1. “G-d has brought about very many means of affecting His created beings”, Ramchal adds at the end of this section. And among those means of affecting us are many that are “specific to each one of them, depending on his makeup”.
That’s to say, G-d interacts with the universe in very many ways, moment by moment. We’ve learned, though, that sometimes those interactions are actually reactions — G-d’s responses to our interactions with Him; and that at other times they’re not interactions with us at all but rather products of G-d’s own plans that are wholly independent of us and our actions.
The bottom line, though, is that G-d does interact with the universe and us, and that each Divine act is suited to our individuality.
2. It is likewise true, Ramchal continues, that there is one “overarching rule” at play when it comes to this: that all His interactions “function within the realm of time”, and that “every day (in fact, every moment) a different (category of) interactions holds sway”. That goes a long way to explain the unique tone and temper of the Shabbat and the Holy Days as opposed to other times, for example; the uniqueness of morning as opposed to afternoon and nighttime prayer services; etc.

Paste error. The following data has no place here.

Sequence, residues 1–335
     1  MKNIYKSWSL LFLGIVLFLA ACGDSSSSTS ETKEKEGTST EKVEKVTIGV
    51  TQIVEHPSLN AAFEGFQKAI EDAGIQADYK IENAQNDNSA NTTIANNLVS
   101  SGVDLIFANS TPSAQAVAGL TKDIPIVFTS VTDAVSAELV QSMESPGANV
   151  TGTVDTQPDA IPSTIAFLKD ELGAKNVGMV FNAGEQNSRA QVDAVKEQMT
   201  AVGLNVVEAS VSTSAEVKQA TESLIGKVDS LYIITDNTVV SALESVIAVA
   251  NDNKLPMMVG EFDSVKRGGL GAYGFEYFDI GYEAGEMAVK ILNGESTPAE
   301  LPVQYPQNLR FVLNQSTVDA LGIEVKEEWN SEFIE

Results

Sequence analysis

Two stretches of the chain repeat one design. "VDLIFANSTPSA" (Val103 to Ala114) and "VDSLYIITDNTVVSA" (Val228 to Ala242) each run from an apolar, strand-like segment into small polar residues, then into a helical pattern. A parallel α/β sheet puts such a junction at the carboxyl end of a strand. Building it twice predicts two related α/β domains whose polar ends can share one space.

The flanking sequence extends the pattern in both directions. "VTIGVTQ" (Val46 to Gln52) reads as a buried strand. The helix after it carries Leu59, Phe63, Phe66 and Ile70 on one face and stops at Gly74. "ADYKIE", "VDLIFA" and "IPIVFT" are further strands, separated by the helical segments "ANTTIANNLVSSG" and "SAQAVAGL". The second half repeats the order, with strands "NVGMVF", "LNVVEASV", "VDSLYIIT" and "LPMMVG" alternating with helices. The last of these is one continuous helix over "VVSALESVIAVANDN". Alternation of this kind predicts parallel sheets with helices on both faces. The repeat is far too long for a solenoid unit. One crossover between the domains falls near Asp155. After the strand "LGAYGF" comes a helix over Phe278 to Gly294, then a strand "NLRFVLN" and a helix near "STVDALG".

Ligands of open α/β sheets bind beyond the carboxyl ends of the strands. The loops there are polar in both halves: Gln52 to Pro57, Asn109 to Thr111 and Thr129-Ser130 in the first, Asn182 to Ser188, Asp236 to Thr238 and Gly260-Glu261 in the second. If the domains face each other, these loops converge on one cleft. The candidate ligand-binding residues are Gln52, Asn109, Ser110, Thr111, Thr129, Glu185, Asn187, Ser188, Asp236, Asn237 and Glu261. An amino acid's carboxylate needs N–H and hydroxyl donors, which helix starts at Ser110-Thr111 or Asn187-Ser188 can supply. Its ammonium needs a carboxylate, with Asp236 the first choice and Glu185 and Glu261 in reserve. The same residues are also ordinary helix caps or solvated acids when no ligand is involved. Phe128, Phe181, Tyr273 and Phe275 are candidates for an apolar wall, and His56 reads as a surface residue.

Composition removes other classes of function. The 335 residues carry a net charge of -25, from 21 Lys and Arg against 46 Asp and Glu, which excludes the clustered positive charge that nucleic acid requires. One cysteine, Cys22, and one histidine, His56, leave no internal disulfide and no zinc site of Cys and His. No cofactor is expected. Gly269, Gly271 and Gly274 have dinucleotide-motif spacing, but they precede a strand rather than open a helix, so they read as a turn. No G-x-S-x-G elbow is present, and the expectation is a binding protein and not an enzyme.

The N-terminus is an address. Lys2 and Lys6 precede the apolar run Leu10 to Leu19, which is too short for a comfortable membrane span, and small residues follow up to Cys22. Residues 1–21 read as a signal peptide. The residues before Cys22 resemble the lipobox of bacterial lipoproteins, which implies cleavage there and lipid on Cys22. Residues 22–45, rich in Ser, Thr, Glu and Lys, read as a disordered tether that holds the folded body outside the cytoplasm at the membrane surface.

We need to understand as well, though, that while an overall and distinctive mode of interaction holds sway at each one of those special moments, that’s not to say that each one of us is affected the same way at those times. Because each moment is not only tailored to its own need, but to the specific needs of everyone there at the time.
And lastly, we’re to know that these principles have been in place throughout our lives as well as through the course of history.
Rabbi Yaakov Feldman has translated and commented upon “The Gates of Repentance”, “The Path of the Just”, and “The Duties of the Heart” (Jason Aronson Publishers). His works are available in bookstores and in various locations on the Web.